The story begins when a cattle baron starts using trail hands to terrorize homesteaders in a small mining town a preacher comes to the rescue. With a Bible, not a gun this man is able to sway the homesteaders into standing their ground for their rights to free land. The homesteaders are rallied by preacher Carson to hold their position and not be frightened away by the constant barrage of raids on their families. Mike McCray, the cattle baron, doesn’t stand for the resistance, claps back and causes much damage to the preacher’s family and homesteaders. Frustrated with the outcome, one of the preacher’s own family members turns against him and sides with the McCray clan.
KIDS FIRST! Film Critic Ashleigh C., comments, “A blast to the past! The Lonesome Trail captures the dramatic and heartwarming history of how faith is used to keep hope during dark times. “See her full review below.
The Lonesome Trail
By Ashleigh C., KIDS FIRST! Film Critic, age 18
A blast to the past! The Lonesome Trail captures the dramatic and heartwarming history of how faith is used to keep hope during dark times.
The Lonesome Trail, set in the American cowboy era, follows a preacher named Brent Carson (Peter Wray) who just recently moves to a small mining town. With the help of the local teacher Elizabeth Turner (Kelly Schwartz), he makes it his mission to ensure that the new visitors are welcomed and accepted despite their race and ethnicity. However, he faces some challenges when the town founder Mike McCray (Donald Imm) starts plotting to remove him and other new residents out of town.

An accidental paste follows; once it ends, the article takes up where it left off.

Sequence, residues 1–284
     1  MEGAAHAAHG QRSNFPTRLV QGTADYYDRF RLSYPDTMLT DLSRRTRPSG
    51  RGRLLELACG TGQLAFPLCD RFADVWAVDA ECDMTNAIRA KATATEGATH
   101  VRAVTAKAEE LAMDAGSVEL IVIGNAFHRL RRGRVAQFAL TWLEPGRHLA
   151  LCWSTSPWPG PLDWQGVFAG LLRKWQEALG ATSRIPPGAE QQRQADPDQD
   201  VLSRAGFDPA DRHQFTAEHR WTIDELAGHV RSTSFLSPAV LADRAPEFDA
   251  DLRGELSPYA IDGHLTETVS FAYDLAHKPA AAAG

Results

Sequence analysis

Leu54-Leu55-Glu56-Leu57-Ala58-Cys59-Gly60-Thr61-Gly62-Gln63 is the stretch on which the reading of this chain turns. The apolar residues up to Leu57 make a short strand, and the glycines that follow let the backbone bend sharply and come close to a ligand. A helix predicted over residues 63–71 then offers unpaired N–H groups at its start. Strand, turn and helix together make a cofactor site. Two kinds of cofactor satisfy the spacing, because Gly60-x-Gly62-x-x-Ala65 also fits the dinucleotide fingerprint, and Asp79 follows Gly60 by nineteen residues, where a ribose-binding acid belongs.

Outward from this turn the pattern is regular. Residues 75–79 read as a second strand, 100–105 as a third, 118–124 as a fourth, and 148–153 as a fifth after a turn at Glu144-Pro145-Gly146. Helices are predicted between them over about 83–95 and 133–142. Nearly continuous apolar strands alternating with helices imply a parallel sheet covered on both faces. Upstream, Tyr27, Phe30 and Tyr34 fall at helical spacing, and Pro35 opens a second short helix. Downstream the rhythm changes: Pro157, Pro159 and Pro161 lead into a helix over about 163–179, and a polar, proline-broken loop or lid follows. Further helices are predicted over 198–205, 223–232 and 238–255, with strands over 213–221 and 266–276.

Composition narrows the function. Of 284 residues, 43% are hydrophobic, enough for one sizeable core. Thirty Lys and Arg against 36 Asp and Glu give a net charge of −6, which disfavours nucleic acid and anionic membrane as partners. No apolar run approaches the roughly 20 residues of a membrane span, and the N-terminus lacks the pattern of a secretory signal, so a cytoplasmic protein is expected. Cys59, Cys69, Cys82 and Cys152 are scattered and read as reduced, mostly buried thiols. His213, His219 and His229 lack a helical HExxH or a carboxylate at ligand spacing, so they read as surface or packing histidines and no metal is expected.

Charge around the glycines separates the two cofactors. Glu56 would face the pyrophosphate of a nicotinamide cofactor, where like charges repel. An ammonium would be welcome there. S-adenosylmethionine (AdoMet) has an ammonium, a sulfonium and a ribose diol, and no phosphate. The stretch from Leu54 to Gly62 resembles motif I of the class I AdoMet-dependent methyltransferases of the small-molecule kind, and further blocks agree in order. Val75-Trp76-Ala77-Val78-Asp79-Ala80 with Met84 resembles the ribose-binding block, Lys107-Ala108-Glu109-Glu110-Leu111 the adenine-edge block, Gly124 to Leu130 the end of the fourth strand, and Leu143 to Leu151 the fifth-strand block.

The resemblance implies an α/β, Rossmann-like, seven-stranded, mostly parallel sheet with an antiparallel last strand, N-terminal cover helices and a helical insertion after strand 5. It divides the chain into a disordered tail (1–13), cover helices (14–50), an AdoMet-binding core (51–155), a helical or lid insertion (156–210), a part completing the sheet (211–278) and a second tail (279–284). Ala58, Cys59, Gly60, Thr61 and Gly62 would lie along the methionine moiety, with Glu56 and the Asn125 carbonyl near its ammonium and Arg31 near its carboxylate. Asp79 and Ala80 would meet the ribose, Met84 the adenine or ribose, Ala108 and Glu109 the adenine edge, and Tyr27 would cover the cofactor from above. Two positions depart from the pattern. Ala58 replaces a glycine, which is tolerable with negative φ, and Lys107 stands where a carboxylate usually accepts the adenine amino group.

The Lonesome Trail captures the true environment of an old western film quite well. I am a big fan of Western films starring Black actors such as Buck and the Preacher with the award-winning Sidney Poitier. However, some modern elements do not mesh well in this film such as the appearance of some of the characters where the haircuts of the male characters are too modern. The sets and props are authentic to the time. The cinematography gives us an old Western vibe however; in some instances you cannot fully see the characters because the lighting overexposes the actors. Another thing that makes a Western film special is the set. This was clearly shot against a greenscreen and I missed having it take place on an actual Western set. I am curious if director Arlette Thomas-Fletcher did this intentionally in order to provide the audience with what a film may have looked like in the 1950s. The music is appropriate to the theme. The twangy, western tune that is often heard during tense moments makes the film feel familiar and nostalgic. My favorite character is Preacher Carson because, in every scene, he seems like a genuine person that you would want to get to know in real life. My favorite scene is when Preacher Carson stands up to Mike McCray. I love how he uses faith to combat the hardships he faces. What an important lesson, especially in times of difficulty.
The message of The Lonesome Trail is to be true to who you are and be kind to others. In times of inequality and unfairness, we must respect each other and have faith. You should be aware that this film contains scenes that mention racial inequality.
I give The Lonesome Trail 4 out 5 stars and I recommend it for ages 5 to 18, plus adults. The Lonesome Trail comes out on digital July 12, 2022.
Keywords: western, Arlette Thomas-Fletcher, African American writer, horses, Peter Wray, Donald Imm, Colin McHugh, Kelly Russell Schwartz, Lamont Easter (Homeland), We Own This City’s Antoinette Greene, Johnny Alonso, Vivian Yoon Lee